I am not, by any stretch of the imagination, a spendthrift. I rarely splurge. I refuse to buy anything at full price. But every once in a long while — a very long while, The Hubby claims — I loosen the purse strings for something I want.
It just so happens that, in a happy confluence of time and place, several musicians I love are scheduled to perform nearby. What an opportunity for this abuela to shimmy and shake down the aisle!
But I then peeked at the ticket prices and swooned. Bette Midler’s cheapest ticket runs $168.30, service fees included. Gulp. So much for the wind beneath my wings.
Look, I think Bette’s truly divine. I agree that love is a flower and I have an endless aching need, but … but. For most of us, even those with steady, decent-paying jobs, that’s a lot of moolah to shell out for one night.
When you have a kid in college and you’re saving for a retirement that is racing toward you at the speed of a bullet train, you must think twice, maybe thrice, about spending profligately. A couple of Benjamins pay for several dental and doctor co-pays. They can buy a lot of groceries. Gas up a few tanks, too. And they would certainly look great in my 401(k).
But am I being too miserly? What will I regret more — missing her show or being that much poorer? What do you think?
Concerts for the pop and rock musicians I grew up with have become out-of-reach for plain folks. So have many professional sports — and I’m not talking the heart-stopping prices for this past weekend’s Super Bowl either. When you factor in unexpected incidentals and what it costs to park, you’re out a few percentage points of your take-home pay.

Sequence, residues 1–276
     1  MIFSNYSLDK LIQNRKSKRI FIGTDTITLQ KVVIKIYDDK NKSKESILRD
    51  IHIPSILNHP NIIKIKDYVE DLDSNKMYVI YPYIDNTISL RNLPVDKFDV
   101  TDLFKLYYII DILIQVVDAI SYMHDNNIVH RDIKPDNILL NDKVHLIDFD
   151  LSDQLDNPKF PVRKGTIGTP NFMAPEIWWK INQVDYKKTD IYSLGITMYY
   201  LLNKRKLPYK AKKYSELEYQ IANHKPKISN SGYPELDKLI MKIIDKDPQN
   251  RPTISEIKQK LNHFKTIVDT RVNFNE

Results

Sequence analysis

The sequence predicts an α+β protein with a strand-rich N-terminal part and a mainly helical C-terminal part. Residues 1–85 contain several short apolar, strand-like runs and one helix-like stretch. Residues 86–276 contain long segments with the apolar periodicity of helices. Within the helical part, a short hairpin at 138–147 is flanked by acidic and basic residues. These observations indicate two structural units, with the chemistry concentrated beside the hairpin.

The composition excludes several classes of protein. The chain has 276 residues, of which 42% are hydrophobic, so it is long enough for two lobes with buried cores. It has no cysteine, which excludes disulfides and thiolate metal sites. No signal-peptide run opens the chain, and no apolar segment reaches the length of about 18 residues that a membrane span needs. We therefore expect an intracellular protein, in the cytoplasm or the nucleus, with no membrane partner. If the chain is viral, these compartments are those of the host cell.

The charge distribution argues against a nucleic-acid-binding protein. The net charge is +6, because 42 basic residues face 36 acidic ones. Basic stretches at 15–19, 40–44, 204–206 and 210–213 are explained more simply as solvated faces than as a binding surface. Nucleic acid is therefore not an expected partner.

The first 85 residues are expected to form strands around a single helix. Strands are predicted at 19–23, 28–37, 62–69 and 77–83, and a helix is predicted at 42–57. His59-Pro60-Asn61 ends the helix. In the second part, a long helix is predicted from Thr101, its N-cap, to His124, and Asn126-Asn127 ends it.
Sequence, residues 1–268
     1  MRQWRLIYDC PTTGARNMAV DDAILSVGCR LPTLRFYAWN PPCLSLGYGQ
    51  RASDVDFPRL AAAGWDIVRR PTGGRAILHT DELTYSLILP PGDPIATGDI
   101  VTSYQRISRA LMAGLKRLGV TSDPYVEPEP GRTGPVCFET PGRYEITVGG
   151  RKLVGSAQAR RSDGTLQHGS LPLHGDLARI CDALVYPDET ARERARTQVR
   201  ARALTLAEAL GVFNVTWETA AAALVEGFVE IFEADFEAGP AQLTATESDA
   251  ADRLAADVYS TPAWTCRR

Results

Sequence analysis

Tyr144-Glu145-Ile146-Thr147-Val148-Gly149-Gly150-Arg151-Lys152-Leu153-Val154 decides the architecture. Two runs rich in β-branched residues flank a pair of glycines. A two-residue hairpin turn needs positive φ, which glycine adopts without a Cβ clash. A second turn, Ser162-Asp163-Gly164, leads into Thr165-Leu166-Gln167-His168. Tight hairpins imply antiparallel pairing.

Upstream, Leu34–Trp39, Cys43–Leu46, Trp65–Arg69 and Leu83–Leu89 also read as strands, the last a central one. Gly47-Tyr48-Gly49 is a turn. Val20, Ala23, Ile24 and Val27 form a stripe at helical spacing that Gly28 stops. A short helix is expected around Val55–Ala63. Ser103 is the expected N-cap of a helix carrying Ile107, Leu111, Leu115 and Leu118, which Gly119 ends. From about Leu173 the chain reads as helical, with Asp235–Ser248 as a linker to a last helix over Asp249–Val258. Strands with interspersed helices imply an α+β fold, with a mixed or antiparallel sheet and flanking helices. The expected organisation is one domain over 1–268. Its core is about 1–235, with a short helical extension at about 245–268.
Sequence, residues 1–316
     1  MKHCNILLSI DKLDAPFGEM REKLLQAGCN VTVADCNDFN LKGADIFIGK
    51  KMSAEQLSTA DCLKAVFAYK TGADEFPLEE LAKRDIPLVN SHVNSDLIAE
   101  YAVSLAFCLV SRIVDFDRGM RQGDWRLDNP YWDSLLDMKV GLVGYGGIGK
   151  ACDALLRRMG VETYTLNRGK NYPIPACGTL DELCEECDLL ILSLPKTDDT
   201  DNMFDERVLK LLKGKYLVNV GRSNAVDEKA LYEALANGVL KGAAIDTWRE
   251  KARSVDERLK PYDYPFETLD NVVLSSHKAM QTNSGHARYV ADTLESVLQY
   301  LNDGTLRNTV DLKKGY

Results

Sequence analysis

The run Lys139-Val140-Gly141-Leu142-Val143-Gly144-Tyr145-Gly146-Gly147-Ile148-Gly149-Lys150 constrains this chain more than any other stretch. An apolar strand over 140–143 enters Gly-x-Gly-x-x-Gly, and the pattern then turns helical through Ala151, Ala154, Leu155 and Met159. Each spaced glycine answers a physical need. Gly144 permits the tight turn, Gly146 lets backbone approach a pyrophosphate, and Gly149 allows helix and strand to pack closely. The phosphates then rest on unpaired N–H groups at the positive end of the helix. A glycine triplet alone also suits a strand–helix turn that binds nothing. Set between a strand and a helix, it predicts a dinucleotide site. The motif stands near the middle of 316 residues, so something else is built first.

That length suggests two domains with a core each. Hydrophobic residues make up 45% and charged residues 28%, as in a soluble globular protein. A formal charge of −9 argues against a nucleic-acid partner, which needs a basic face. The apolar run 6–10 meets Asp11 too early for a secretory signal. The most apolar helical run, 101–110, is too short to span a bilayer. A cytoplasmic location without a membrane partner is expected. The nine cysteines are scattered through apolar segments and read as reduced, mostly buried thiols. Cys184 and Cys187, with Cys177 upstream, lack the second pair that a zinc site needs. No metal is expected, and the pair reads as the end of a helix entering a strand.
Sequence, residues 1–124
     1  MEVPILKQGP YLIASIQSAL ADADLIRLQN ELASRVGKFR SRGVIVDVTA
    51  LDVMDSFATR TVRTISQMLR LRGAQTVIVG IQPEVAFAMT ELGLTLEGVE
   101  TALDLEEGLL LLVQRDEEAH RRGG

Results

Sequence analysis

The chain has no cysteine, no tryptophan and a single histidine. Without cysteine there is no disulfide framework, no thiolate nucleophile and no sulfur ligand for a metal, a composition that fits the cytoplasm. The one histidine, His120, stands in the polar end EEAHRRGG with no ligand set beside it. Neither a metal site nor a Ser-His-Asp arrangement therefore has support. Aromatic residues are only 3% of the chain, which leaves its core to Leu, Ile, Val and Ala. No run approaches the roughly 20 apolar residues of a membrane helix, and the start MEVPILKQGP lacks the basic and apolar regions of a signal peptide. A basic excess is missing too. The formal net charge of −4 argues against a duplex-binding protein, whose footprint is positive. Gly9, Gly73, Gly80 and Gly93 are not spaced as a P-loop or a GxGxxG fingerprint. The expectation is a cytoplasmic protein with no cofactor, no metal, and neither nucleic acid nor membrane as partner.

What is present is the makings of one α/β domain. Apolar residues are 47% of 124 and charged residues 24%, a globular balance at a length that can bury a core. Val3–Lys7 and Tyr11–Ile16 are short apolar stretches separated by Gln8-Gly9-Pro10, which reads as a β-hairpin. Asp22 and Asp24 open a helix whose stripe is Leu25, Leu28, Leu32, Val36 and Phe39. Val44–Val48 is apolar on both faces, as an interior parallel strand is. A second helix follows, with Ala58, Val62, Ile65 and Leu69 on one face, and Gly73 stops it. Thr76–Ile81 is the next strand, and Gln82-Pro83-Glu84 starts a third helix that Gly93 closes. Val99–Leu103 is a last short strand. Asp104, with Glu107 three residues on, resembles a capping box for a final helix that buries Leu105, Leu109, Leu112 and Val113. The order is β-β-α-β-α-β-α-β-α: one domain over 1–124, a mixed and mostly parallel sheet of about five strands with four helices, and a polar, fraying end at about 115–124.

Heaven forbid you should get thirsty in the middle of an event. Bottled water will set you back enough to make you gag in shock.
The spiraling cost of concerts is not new. Tickets have soared by about 400 percent since 1981, more than college tuition and healthcare, and certainly much, much more than the famously stagnant wages of the middle class.
Some of the increase can be blamed on consolidation, secondary market scalping and service fees that can add as much as 50 percent to the base ticket price. But artists also have admitted that, with album sales heading ever downward, concerts are their only sure way to make money.
Really? By gouging your fans?
Of course, not all national acts necessarily will break the bank. They will only blow your entertainment budget for a couple of months. Last year we went to see James Taylor — yes, yes, I know how my music choices date me, but so what? For days I had a spring in my step and a song in my heart. How sweet it is to be loved by you. He put a dent in the wallet but not enough to keep me up at night.
Billy Joel’s cheapest tickets went for just over 30 bucks at his Miami show last month. Jimmy Buffet comes in under $50 bucks for his April date in West Palm Beach, and Elton John at just over that for March. Entirely doable, either or both, if I start saving now.
I suppose it could be worse. I could be tempted by the likes of the Eagles (2014 average ticket price of $138.34) or the Rolling Stones ($191.42.)
So much good music, so little money.
Ana Veciana-Suarez’s column appears Sunday.
Write to her at The Miami Herald, One Herald Plaza,
Miami FL 33132, or send email to email@example.com
McClatchy News Service